I will not be defeated

So, what’s it like living with Multiple Sclerosis? That’s a question I am asked from time to time and one that’s not all that easy to answer. Trying to describe the physical and mental difficulties and limitations that we experience because of MS is often met with some interesting responses from others.

I’ve been told to “take Tylenol” for the pain in my body, to “eat more potassium” for the cramps in my legs and hands, and to “take B12 and energy pills” for the exhaustion. When I explain that those things simply don’t work for me, they look at me like I’m a one-eyed purple polka dotted crazy person. After all, it works for them so it should for me too.

Some people just don’t seem to understand that those of us living with MS are not like them. We have a damaged Central Nervous System. Some of the damaged areas have healed well over time but some haven’t. And new damage appears all the time.

The pain we experience is not because we are in real pain like someone stepping on our foot. We are in pain because our nerves are misfiring and sending pain signals to our brain when there is no real existing pain in the first place. To stop the pain you have to stop the communication process, not the actual pain. There are some medications that help to disrupt this broken communication, but I haven’t found one yet that works for me.

The numbness in our body is not something that goes away by uncrossing our legs like someone does when their foot falls asleep. Parts of our body are numb, experience that “pins and needles” feeling, and cause pain to shoot through our body every minute of the day. No amount of rest or exercise will wake them up.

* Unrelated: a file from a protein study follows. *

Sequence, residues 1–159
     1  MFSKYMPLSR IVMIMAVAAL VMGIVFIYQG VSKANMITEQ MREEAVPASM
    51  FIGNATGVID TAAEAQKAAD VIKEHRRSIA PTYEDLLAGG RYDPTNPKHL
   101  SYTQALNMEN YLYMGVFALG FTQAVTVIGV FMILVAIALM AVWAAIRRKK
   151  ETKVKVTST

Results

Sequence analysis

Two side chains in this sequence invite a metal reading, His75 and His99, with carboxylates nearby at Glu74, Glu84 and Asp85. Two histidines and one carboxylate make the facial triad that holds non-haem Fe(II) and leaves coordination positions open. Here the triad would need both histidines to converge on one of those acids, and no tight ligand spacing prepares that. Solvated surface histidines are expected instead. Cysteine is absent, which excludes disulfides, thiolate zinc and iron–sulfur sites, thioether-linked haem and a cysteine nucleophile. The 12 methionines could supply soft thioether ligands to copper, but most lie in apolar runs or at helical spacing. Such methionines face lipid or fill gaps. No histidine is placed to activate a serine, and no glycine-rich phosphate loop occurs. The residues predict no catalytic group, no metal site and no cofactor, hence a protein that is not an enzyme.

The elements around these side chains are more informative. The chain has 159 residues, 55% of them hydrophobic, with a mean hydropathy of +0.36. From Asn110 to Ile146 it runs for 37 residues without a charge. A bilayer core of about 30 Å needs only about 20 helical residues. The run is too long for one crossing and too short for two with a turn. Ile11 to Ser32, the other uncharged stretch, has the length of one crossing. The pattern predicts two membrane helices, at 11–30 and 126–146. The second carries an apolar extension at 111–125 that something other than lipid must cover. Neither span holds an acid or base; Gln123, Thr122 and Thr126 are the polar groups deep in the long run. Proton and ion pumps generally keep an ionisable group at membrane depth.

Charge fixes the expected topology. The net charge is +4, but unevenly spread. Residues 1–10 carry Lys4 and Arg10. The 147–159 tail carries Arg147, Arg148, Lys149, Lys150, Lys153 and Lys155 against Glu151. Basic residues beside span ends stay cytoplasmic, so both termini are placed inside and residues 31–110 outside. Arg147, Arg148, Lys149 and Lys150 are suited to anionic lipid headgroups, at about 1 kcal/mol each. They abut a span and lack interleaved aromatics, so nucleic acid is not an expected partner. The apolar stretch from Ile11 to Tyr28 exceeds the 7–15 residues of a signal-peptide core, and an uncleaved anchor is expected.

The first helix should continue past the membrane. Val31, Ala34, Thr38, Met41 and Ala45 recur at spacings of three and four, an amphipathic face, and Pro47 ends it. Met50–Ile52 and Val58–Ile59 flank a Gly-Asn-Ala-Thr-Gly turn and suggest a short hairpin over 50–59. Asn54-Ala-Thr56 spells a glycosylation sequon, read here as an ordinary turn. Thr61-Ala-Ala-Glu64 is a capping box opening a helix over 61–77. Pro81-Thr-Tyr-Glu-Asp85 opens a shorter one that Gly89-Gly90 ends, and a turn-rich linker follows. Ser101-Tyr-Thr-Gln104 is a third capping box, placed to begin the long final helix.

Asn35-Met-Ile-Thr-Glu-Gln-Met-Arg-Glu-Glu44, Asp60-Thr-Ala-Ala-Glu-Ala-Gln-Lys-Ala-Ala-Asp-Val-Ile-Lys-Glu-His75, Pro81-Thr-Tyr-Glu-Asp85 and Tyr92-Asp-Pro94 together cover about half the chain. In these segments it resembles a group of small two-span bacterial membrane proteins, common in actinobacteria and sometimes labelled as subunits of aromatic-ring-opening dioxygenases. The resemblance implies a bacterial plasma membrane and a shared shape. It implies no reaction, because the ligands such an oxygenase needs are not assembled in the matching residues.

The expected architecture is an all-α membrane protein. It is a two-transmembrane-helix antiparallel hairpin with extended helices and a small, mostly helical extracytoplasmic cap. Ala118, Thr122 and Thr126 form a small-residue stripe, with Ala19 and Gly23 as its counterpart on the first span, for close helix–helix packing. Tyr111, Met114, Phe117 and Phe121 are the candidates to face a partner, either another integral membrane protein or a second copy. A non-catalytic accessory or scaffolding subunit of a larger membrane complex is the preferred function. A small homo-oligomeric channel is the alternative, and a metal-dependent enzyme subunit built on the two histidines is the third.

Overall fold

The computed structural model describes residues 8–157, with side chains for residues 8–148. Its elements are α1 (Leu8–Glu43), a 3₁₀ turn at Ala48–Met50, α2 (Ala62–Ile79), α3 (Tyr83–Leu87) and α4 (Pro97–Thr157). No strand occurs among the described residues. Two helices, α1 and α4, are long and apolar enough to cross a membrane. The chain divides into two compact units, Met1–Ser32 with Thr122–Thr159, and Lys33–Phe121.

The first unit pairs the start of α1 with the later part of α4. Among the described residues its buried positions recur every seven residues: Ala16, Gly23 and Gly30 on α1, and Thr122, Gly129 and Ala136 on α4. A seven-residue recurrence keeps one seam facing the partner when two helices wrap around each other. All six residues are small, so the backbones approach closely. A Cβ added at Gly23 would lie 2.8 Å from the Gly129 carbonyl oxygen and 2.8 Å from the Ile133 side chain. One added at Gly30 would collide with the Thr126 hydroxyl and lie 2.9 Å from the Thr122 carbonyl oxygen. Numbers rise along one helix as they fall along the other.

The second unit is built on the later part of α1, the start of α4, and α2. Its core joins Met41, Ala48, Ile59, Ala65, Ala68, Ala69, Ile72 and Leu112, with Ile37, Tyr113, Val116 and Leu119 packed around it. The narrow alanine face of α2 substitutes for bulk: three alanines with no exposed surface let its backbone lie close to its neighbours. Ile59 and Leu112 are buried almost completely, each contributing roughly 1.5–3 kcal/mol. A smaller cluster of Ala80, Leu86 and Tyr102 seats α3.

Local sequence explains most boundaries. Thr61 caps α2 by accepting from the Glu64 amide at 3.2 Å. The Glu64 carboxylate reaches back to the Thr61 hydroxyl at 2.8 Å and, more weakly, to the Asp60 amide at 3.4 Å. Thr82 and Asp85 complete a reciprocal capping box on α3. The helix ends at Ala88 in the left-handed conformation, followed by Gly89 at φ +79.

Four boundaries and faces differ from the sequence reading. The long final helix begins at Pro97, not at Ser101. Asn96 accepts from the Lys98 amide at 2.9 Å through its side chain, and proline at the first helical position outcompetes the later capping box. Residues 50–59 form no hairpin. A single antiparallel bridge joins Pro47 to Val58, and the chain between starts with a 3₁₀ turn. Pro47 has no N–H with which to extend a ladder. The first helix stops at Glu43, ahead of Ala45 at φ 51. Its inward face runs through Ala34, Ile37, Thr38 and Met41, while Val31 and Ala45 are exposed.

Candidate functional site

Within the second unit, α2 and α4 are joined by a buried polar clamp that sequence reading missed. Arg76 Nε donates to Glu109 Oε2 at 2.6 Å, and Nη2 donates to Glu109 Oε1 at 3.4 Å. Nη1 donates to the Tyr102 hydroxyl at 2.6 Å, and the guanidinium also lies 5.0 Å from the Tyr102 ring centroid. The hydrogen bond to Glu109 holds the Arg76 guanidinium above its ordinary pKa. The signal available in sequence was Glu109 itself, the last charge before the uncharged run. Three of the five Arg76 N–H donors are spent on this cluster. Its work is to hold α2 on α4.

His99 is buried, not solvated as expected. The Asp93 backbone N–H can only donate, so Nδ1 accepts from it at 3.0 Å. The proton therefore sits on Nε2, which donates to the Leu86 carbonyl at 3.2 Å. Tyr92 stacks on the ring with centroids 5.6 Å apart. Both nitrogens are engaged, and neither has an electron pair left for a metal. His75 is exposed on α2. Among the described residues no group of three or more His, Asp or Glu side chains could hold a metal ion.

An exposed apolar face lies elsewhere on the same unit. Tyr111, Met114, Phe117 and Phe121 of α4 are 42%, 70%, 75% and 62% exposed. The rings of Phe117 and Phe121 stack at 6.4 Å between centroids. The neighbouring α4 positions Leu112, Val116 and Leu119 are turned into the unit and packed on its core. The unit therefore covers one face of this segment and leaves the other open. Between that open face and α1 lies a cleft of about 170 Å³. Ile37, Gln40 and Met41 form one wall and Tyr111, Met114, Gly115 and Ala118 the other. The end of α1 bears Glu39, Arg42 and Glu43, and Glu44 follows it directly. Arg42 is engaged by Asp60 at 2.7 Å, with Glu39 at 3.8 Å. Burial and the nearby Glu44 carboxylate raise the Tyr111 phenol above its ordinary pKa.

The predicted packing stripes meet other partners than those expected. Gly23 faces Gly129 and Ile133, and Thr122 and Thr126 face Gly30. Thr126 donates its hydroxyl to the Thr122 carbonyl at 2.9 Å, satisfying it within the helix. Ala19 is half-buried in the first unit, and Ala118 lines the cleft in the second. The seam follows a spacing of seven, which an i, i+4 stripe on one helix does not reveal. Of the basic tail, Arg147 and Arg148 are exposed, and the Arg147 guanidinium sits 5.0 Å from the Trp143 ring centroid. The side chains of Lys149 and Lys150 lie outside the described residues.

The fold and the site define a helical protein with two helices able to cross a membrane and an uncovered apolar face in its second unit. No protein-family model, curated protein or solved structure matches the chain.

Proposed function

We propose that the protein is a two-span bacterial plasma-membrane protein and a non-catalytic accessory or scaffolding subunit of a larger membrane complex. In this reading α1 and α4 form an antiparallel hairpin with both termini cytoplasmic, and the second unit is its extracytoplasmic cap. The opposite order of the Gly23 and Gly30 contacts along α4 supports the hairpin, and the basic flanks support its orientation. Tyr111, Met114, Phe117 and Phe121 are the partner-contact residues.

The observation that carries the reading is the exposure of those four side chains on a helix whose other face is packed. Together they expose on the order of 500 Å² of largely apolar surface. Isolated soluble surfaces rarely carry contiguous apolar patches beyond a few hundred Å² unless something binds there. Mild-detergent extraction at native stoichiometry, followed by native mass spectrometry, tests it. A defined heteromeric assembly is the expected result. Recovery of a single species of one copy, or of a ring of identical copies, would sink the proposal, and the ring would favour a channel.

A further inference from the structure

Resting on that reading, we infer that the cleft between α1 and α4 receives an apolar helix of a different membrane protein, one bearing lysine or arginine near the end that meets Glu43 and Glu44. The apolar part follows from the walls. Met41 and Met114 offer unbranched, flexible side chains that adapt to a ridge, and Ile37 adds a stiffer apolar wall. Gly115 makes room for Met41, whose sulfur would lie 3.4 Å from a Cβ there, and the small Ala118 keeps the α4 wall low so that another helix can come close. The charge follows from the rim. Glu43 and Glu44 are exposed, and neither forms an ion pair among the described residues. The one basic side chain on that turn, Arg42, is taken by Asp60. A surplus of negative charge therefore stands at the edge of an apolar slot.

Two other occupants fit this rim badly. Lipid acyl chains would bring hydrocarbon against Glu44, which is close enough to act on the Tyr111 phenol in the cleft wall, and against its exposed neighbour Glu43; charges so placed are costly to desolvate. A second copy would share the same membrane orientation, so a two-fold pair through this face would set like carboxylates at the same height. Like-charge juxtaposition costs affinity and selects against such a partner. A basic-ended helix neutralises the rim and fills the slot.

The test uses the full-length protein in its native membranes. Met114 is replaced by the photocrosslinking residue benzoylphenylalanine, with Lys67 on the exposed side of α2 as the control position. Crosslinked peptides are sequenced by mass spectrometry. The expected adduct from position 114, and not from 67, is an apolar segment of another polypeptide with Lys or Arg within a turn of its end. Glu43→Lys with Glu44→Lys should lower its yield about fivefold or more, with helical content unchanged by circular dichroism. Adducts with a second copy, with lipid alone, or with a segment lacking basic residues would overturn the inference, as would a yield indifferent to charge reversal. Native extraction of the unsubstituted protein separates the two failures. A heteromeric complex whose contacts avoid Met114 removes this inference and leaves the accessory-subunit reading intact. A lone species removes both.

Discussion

The exhaustion we experience isn’t because we didn’t sleep well the night before or because we aren’t eating nutritionally. It’s a debilitating symptom of the disease that is not remedied by natural herbs and better sleep. Although those things can help, it’s not a “fix”. Making it through one day without having to take a nap is a good day.

Many of us also deal with vision problems that can’t be corrected with glasses, dizziness, muscle weakness, bladder and bowel dysfunction, breathing difficulties, and of all things, heat makes it all go into supersonic chaos.

That hot shower most people enjoy, we can’t take because our muscles will seize up. That hot tub soak, an impossibility. That day at the beach, even in the shade our symptoms can be hard to deal with. That trip to the mall, within thirty minutes many of us are done. Just making our way across the parking lot of the grocery store presents a challenge that some days we don’t want to face.

But through it all, I have learned to look this disease of MS square in the eyes and say, “I am not defeated because of you and regardless of what happens in life I am thankful for each new day I am given.”

We will never understand all the “why’s” in life. Why MS? Why now? Why me?

Stop questioning why you are going through the storm you are currently facing and determine to be thankful as you go through. You can be thankful even in the most horrible of circumstances, but it’s a choice; and you can make that choice today. You can stand up (even if only on the inside) and say, “I refuse to be defeated by MS.”

I have learned that strength isn’t measured by the amount of things I can do or by how big my muscles are, it’s determined by the attitude that I have while going through the difficult times in life. You are stronger than you think. Square your shoulders back and hold your head up high today because you are STRONG even though your body is weak!